She whips out her seemingly ancient flip phone and calls her future hubby. I hear him laugh at her over the phone. Once she hangs up, she explains J.P. is on his way to the rescue.

The first thirty minutes wasn’t too bad. Everyone had their thick winter jackets on. The heat was still trapped in the car but it didn’t take the cold air long to seep in and slither into everyone’s body. Gabby didn’t even squirm, but Dwight whined that he was cold fifty minutes into the wait. Makayla unbuckled him and passed him up front to snuggle with Melissa. The entire time Makayla complained that Melissa has a death wish. She told a story about what happened last week.

Melissa and Makayla were watching the kids while Craig and Janie had a date night. Melissa made homemade Macaroni and Cheese. After she made the cheese sauce, she forgot to turn off the stove eye she cooked it on. The Macaroni and Cheese had to cook in the oven for about 35 minutes. When she took it out, she placed the oven-mit on the dangerously hot stove-eye. The mit caught on fire. Melissa picked the burning oven-mitt up and held onto it trying to figure out what to do. She finally decided to throw it in the trash, but the fire got larger because it burned the garbage as fuel. Makayla had to step in and take the trash can outside, where she dosed the fire with the hose. It didn’t make it.

Within a total of an hour and ten minutes, we spot J.P.’s big-wheel, high rolling, deep crimson red of a four-door Dodge Ram speeding on the other side of the highway. He makes an illegal turn through the foliage in between each side of the highway and zooms his Ram across mild traffic to park in front of the Nissan.

The driver’s side door and front passenger’s door swing open in unison. J.P. emerges from the driver’s side, of course. He’s wearing his sleek shades and a Texas Ranger baseball cap, while sporting a red and black checkered flannel shirt with his royal blue, puffy huntsman vest on to keep him warm, and light, ratty blue jeans. A similar looking fellow steps out of the passenger’s side. He’s wearing a plain red baseball cap which is slightly too large for his head, but it’s barely noticeable. He’s tall, a few inches shorter than J.P., with a budding goatee. He’s wearing a blue jean jacket, a red shirt underneath, and darker blue jeans.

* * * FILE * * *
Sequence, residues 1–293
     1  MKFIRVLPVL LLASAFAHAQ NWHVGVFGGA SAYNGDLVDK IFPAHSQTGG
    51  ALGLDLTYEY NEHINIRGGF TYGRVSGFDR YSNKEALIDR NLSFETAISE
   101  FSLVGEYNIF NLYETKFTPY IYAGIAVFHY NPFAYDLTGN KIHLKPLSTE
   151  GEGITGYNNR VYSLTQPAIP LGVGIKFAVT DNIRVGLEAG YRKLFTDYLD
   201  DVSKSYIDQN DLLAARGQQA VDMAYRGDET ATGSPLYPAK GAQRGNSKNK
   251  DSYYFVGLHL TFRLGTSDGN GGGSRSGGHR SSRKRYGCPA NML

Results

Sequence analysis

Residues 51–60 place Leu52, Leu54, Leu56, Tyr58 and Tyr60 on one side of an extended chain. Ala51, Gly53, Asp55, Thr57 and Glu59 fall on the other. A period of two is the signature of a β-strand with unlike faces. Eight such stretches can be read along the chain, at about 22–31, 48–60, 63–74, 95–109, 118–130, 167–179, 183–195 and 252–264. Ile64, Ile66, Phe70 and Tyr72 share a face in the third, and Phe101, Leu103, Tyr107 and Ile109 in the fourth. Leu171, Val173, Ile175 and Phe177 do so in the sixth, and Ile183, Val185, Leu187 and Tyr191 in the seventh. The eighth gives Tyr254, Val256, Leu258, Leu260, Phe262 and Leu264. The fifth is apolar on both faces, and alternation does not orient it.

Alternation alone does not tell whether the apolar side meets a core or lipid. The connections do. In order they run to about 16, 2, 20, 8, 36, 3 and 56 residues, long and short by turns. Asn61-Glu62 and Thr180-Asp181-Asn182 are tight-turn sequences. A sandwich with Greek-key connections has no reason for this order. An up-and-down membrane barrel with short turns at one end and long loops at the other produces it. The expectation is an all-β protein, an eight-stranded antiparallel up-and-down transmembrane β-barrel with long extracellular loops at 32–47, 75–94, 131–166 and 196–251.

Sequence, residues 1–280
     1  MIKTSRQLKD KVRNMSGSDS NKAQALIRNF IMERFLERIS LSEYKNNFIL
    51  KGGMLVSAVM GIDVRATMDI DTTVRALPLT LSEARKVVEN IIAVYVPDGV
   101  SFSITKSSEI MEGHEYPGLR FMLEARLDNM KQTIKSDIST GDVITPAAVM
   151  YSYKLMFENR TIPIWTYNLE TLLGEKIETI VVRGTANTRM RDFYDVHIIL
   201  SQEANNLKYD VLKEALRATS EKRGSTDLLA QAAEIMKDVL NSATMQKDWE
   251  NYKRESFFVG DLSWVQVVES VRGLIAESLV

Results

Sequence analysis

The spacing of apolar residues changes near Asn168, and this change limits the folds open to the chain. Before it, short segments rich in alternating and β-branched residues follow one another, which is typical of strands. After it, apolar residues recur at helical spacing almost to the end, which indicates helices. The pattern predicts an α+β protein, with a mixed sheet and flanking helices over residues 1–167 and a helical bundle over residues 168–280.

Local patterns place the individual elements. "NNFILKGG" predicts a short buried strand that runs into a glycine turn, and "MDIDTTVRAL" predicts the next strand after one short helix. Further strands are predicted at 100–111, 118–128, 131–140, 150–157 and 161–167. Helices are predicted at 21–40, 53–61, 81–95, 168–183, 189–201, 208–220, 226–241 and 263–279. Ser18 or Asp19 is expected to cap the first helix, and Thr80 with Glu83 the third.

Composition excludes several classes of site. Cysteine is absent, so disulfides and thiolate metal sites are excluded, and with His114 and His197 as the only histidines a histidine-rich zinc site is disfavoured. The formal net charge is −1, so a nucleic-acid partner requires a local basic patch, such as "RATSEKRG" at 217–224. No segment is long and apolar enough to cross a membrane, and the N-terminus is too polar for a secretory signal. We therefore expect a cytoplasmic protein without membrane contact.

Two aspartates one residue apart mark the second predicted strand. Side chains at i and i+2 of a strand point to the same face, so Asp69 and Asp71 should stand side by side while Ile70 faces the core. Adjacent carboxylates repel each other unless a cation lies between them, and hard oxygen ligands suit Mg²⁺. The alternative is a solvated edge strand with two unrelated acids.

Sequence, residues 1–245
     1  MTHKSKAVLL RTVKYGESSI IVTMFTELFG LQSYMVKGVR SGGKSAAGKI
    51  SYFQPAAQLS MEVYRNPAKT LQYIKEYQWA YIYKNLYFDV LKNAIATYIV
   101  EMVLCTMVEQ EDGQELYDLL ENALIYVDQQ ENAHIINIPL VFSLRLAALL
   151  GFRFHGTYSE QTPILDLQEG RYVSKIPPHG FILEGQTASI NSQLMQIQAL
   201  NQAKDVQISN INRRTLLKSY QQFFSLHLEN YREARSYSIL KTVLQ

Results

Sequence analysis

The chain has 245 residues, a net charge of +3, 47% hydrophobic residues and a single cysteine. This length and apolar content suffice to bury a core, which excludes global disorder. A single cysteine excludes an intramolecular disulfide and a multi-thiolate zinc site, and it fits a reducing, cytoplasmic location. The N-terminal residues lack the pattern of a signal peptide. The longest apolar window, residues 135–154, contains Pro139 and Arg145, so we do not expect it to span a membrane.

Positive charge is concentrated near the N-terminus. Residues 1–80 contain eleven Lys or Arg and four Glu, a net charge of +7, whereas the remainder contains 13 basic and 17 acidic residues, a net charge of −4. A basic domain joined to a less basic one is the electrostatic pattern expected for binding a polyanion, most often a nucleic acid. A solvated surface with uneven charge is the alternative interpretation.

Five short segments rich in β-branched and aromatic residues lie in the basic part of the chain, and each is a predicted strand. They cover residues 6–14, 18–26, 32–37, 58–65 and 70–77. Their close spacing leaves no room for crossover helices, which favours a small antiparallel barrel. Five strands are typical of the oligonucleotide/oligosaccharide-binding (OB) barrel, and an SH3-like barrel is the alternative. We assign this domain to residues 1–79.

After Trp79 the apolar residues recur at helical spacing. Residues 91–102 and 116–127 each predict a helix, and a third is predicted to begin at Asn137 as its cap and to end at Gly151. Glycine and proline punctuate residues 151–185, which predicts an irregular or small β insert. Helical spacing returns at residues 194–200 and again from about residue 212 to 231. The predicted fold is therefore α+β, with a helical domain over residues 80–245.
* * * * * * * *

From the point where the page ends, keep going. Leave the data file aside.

The gentleman in the red cap, lifts his hat to scratch his hair, which is buzzed. Shaking his hat, he stares at me. My hazel eyes meet his gentle, kind, and naturally droopy, light brown eyes… It’s good to see Drew T. Sending me a smile, he puts his cap back on as I smile back at him. How handsome he is…

“Isn’t he gorgeous?” Makayla squeals. “I only have to wait a week and two days.”

Melissa struggles to hand Dwight back to Makayla in order to put him back in the car seat. Somehow they manage to work it out. Makayla had to complain how heavy Dwight is; Melissa sighed softly to ignore it.

J.P. grabs a portable, plastic gas tank from the bed of his truck and walks over to Melissa’s car. He fills it up for her. He tosses the plastic gas container to Drew T as he opens Melissa’s door. He bends low, leans in, and kisses Melissa on the lips. 

Looking around inside he says, “No one appears injured…” He laughs, impressed by his own crack at a joke.

Melissa slaps him on the chest playfully. J.P. unbuckles Melissa from her seat and then swiftly yanks her from the driver’s seat. He sits in her place. Melissa questions what J.P. is doing.

“Lauren, go ride with Drew T,” he says.

“I’ll go with him!” Makayla says, scrambling to unbuckle herself in the back.

“No!” J.P. barks in a lively manner. Then honestly he explains, “I don’t trust you with my baby brother.”

Drew T opens the door for me. I didn’t even notice him walk over. He takes my carry-on bag without me having to ask. He holds his hand out to help me out of the car. I take his hand and use his gained girth to climb out of Melissa’s car.

J.P. speeds away the moment Melissa gets back into the car, taking my place in the passenger seat. First, Drew T puts my carry-on in the backseat. Then, he lifts me up onto the truck step with ease. He holds my hand while I get settled in the front. I keep my eyes on Drew T in faint shock. He’s a man now… How did that happen?

Drew T doesn’t speed like J.P. He goes the speed limit. On the drive home he explains he dropped out of high school and started working on my dad’s ranch. He got his GED and he’s taking college courses online. I think he told me that Thanksgiving break. It’s good he hasn’t quit education all together, like his brother.

“Why did you drop out of high school?” I ask, incredibly curious.

“You forgot already…” He sighs gently.

I don’t know what he’s referring to. 

“I was bored with it. I love helping out on the ranch, but I don’t see myself doing it forever. I’m either going to be a vet or a pastor.”

Wow, I’m proud of him. He’s not a complete idiot like J.P. “Why not both? Seminary school only takes two years,” I suggest.